Bringing pressure and forcing Sri Lanka to undertake accountability for what occurred during the final stages (Jan-May 2009) of the battle between the Tiger cadres and Sri Lankan military has been the corner stone policy of the US State Department since the demise of the LTTE which has helped pro-separatist/Tamil Tiger lobbies in Washington and in other European Capitals to help build a global voice to isolate Sri Lanka to achieve to bifurcate the nation that the LTTE failed for twenty six years. This State Department ‘accountability and transparency’ call led Sri Lanka to face scrutiny in Geneva before UN Human Rights Commission in previous years, and now this March..
Truth, Accountability in US
“Truth, accountability, reform, and reconciliation are milestones in the road to security. And they are milestones that must be reached in that order. For truth is the foundation of all else. Without it, accountability is abusive, reform is blind, and reconciliation is hollow. And accountability and reform are preconditions for reconciliation as well. For, without them, the victims have no reason to believe that the crimes will not be revisited, upon them or upon others, in the future. Consequently, they will continue to be on guard. Worse yet, they may feel that the period of abuse has not really ended, and they will not be delivered from the temptation to retaliate.”
The above paragraph was taken from a study done by the Center for the Study of Human Rights in the Americas at the University of California at Davis. The study was “Truth, Accountability, Reform and Reconciliation: The Road to Security and the Restoration of American Values.”
The Davis study highlights the violation of International Humanitarian Laws and universally-accepted human rights practices by the United States since the terrorist attacks of September 11, 2001 in Washington and New York.
The University of California, Davis study undertaken by academics and professionals in their final report outlines the violation of IHL and universally-accepted human rights as:
“According to credible information, the practices and policies enacted since 9/11 have involved international alliances with criminal armed groups; human trafficking; civilian arrests without warrants; denial of the writ of habeas corpus; secret detention; life-threatening, open-air, holding pens; medical neglect; interference of interrogation on medical treatment; fatal, disabling, and disfiguring beatings; hanging by the wrists; threats of death or bodily harm; mauling by military dogs; torture by proxy (extraordinary rendition); controlled drowning (waterboarding); sensory deprivation; sensory assault; forced nudity; temperature and dietary manipulation; sleep deprivation; disorientation in space and time; positional torture (stress positions and prolonged standing); binding torture (tight shackling or cuffing); solitary confinement; indefinite detention; severe humiliation; sexual assaults; assaults with excreta; forced feeding; interference with religious practices; verbal abuse, and the exploitation of cultural idiosyncrasies and personal phobias.”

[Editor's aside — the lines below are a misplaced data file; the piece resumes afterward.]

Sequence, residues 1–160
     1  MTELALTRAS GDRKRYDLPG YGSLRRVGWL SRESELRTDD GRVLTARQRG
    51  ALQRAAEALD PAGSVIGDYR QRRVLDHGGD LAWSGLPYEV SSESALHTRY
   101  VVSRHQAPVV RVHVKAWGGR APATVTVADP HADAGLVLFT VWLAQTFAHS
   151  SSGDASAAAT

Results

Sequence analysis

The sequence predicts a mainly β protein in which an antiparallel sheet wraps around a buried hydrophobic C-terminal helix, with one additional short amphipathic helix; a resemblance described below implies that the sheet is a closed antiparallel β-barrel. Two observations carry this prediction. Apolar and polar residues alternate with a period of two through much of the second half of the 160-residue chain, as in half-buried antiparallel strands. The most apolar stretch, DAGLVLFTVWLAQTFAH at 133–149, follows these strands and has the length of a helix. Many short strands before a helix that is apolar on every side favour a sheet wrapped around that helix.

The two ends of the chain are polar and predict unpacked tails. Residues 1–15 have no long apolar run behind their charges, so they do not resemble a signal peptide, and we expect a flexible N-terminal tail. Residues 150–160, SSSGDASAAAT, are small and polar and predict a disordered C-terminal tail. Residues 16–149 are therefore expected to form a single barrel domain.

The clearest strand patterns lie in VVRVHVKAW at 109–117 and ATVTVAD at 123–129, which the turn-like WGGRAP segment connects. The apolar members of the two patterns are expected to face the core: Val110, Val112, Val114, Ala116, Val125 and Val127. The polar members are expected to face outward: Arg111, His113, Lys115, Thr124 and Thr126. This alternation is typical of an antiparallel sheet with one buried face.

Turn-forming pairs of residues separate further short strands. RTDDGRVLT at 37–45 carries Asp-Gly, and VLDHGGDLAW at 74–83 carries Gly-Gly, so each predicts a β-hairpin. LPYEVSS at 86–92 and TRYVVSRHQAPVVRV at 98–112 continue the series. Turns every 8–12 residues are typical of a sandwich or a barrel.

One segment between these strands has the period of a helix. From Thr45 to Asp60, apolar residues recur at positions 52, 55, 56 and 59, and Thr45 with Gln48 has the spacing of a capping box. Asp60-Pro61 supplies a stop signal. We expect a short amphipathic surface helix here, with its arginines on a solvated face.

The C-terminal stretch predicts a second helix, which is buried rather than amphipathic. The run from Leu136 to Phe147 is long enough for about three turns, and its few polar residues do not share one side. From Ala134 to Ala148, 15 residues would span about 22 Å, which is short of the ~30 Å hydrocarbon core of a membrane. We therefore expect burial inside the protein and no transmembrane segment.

The study declares: “These policies and practices are outrages upon human dignity, and are subject to criminal prosecution under both national and international law.”
This exactly what the Thursday announcement of US Attorney General Eric Holder dismissed – the dismissal of accountability, transparency and truth the United States always urge other nations to adhere to.
The Center for the Study of Human Rights in the Americas of the University of California at Davis report says:
“What are the prospects that these recommendations will be heeded? At present, they are next to nil. Invoking pragmatism, President Obama has called on us to look forwards rather than back, thus failing to realize that we cannot look forwards without looking back. Restoring our values, repairing our image, and curbing terrorism are goals that we must achieve in the future. Yet, none of these goals may be reached if we do not face the past first and objectively assess what has been done in the name of the American people. As far as we can see, this can best be done through an independent, nonpartisan, transparent, and thorough investigation into the facts, circumstances, and policies employed in response to the September 11 attacks.”